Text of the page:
The milk is obtained through filtration. Such cell-based foods, said Ms Lin, could be a solution to the issues of heavy land use, energy, and water consumption that are associated with traditional dairy farming.
"The idea of lactating cells outside of the animal or human body has actually been thought about for 10 or 20 years, but the problem with this has always been with scaling up. The yield of these cells are quite small, and it's only in recent years there have been certain technologies around cell engineering for us to overexpress certain components, increase the yield, and make it cost-effective in the near term. We currently have a five-litre bioreactor that is continuously churning out milk, which would be linearly scalable to 50,000 litres next year."
She says one of the main challenges for cell-based meat industries is no continual process. After the cells multiply, the meat produced is then made into a patty for people to eat. After that, they expensively start from scratch.
"We reuse the cells for hundreds of cycles as milk-lactating factories, driving down cost and go to the market a lot faster. As consumers, what people care about is getting the same product without having to change their habits, and we're able to offer milk that has the same nutritional values, the same taste, and also similar pricing. The population of our planet is only going to grow, and we need to continue to innovate to provide better nutrition for everyone in a sustainable fashion."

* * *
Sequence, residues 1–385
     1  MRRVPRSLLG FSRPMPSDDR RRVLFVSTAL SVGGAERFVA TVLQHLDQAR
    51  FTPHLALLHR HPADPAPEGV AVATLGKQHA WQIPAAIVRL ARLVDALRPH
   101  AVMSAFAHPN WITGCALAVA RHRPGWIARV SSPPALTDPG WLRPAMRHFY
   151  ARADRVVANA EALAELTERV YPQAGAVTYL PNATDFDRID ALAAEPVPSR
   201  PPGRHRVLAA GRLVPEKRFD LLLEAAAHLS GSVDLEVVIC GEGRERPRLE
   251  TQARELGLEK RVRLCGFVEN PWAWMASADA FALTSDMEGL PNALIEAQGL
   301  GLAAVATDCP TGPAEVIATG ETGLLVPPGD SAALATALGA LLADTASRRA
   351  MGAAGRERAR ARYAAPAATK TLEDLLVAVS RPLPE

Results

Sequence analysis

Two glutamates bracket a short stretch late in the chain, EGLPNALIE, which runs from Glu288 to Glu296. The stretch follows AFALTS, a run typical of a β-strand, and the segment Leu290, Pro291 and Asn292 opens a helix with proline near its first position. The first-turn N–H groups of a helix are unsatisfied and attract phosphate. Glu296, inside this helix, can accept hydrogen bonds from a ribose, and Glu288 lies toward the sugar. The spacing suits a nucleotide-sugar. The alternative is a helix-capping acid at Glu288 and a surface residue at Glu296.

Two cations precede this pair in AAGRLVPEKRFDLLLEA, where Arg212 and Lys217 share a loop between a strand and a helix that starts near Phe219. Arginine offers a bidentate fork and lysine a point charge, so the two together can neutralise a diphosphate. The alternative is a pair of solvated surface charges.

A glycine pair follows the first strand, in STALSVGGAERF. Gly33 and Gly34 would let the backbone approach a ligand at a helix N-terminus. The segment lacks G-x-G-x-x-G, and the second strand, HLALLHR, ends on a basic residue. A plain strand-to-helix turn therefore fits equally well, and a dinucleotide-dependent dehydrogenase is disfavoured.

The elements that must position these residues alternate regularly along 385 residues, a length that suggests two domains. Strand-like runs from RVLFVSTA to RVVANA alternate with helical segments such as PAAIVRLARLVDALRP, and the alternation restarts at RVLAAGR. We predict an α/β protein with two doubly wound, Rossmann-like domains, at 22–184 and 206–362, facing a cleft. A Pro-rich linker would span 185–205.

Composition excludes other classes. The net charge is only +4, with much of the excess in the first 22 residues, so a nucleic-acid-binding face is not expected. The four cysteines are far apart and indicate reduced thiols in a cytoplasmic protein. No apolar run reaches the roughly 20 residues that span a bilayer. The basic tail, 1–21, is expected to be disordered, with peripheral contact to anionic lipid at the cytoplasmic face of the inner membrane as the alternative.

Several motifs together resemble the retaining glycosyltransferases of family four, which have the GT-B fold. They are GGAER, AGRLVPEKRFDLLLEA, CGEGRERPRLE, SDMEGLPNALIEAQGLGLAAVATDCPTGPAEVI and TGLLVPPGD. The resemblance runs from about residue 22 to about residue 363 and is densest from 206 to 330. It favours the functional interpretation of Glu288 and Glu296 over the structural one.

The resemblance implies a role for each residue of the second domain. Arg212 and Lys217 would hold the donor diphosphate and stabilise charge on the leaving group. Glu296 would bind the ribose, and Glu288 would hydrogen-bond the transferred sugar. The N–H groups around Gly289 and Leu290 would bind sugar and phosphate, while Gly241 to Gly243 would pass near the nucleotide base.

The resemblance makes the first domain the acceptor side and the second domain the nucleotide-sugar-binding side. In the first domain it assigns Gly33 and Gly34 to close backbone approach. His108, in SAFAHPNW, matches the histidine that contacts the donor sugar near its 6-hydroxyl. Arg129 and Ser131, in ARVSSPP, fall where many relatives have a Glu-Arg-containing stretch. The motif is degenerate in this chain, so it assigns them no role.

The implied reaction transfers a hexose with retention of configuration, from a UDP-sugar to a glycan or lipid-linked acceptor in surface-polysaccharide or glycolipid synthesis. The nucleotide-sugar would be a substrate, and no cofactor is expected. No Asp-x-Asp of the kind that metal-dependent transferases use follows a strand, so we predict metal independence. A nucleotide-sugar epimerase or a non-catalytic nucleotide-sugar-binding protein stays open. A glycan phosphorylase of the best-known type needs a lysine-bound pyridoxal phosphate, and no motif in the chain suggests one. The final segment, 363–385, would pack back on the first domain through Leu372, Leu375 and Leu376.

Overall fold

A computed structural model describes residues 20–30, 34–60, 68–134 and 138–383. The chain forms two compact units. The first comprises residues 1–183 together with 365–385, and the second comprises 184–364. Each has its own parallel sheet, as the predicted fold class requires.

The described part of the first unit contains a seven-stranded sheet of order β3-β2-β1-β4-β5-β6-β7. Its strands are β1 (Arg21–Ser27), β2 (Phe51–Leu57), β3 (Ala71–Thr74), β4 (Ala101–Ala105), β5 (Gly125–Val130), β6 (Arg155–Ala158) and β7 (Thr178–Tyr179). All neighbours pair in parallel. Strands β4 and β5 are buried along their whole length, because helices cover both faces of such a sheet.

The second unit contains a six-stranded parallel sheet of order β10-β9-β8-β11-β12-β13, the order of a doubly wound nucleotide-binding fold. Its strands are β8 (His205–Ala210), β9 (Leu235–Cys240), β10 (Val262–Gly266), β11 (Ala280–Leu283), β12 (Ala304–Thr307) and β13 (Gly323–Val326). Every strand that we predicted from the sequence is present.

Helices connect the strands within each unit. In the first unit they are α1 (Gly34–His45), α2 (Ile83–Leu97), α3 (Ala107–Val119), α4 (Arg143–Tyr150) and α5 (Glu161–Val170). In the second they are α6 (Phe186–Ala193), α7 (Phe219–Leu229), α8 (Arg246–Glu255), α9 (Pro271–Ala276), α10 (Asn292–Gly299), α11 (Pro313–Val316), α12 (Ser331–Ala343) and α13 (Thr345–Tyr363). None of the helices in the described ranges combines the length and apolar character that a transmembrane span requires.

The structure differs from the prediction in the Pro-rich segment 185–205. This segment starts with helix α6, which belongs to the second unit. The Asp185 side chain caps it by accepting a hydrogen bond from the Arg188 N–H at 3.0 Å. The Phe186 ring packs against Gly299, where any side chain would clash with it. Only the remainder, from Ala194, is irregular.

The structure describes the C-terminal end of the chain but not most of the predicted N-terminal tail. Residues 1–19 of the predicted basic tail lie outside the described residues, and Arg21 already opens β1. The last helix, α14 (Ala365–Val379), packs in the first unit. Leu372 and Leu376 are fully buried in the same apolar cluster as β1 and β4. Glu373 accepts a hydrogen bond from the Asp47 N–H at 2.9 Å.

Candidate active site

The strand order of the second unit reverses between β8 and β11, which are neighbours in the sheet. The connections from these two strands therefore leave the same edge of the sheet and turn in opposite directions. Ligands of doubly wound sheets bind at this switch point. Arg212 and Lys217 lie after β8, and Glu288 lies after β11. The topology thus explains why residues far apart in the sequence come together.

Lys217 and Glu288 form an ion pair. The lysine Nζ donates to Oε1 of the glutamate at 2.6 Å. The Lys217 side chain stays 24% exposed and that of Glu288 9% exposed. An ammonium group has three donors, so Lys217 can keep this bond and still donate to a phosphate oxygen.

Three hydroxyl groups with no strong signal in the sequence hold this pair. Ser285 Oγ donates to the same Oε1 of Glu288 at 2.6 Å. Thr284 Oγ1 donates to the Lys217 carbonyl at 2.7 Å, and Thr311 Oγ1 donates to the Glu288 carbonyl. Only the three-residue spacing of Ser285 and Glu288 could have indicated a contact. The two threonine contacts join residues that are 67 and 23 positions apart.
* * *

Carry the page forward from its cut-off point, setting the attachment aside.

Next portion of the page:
Milk substitutes such as oat and rice milk are great for replacing the fluid, milk-drinking market but cheese, butter, cream, and yoghurt need to be recreated with fresh raw milk. Unfortunately, after decades, plant-based milk has less than 1% market share. Instant baby formula is a formulation of whey protein from cows or vegetable extracts. Babies consuming milk from a different animal can have gut and digestion problems. Exact replication is much better for the baby's gut health and brain growth. By growing animal milk Turtle Tree supply all these industries.
She enthuses, "Our company will be heavily based on a licensing and royalty model. This includes working with equipment manufacturers like Tetra Pak to build bioreactors for producing milk; dairy processors like Fonterra and Dairy Farmers of America to process milk and consumer brands like Nestle and Mead Johnsons to co-develop end products".
Raghu Das, CEO of IDTechEx comments, "We are positive about both cultivated milk and cultivated meat. We expect major impact on the industry before 2040."